The palm rejection on the trackpad is pretty reliable, but its size meant we were constantly grazing it whilst typing, which interfered with the flow of work at times. It also accepts both mechanical clicking, by pushing down on the lower edge, or gestures – that is, tapping and two-finger tapping for left- and right-clicking. If you're well versed in modern trackpads, this is easy to get on board with, but if this will be your first step into notebooks and ultrabooks you might find it to be a tad cumbersome.

The Avita Admiror comes with a funky color-matched dongle that allows connections for standard USB-A, HDMI and 3.5mm audio connections as well as another USB-C port and Micro SD slot. This allows for the laptop to be as slim as it is, and provides extra utility when you need something other than the two USB-C ports actually built into the laptop. As adapters go, this is one of the better ones we've used, and it looks great to boot.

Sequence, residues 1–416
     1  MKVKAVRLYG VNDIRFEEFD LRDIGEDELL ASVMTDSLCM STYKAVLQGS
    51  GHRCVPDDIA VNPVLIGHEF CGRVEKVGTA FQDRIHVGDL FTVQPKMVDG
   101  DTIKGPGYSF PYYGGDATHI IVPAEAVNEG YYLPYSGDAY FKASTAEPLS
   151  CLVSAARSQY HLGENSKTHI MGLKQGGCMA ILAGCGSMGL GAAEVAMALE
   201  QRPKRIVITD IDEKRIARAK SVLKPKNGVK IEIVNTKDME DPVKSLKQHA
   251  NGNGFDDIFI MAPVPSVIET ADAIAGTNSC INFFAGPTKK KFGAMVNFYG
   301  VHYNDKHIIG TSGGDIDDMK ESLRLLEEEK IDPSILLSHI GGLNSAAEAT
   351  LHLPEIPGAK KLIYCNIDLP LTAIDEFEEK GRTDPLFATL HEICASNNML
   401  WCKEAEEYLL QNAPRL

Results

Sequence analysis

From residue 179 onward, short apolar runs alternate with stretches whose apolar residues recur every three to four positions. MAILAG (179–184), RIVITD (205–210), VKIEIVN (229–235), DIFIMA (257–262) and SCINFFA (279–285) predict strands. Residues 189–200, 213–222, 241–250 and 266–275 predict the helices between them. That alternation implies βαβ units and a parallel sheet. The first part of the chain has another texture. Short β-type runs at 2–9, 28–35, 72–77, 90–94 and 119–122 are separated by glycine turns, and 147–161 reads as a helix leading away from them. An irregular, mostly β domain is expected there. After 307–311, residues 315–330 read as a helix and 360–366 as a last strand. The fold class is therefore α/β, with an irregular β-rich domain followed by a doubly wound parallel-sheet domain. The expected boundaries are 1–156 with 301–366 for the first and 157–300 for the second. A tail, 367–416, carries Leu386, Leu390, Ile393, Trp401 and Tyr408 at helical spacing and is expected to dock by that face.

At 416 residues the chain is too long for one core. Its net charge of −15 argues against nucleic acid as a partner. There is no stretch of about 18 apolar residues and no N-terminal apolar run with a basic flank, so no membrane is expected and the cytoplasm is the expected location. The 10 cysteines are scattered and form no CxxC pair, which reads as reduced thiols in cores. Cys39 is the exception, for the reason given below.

If you like to use a mouse with your device, you'll have to connect the adapter. This is fine for anyone using a wireless connection, but if you need to connect a wired mouse you'll end up with a mess of cables and lose the benefits of what’s supposed to be an elegant, portable design. You'll also be taking up the only USB-A port on the device, so if you lose that adapter it's worth remembering the device only comes with two USB-C ports built-in.

Display and Audio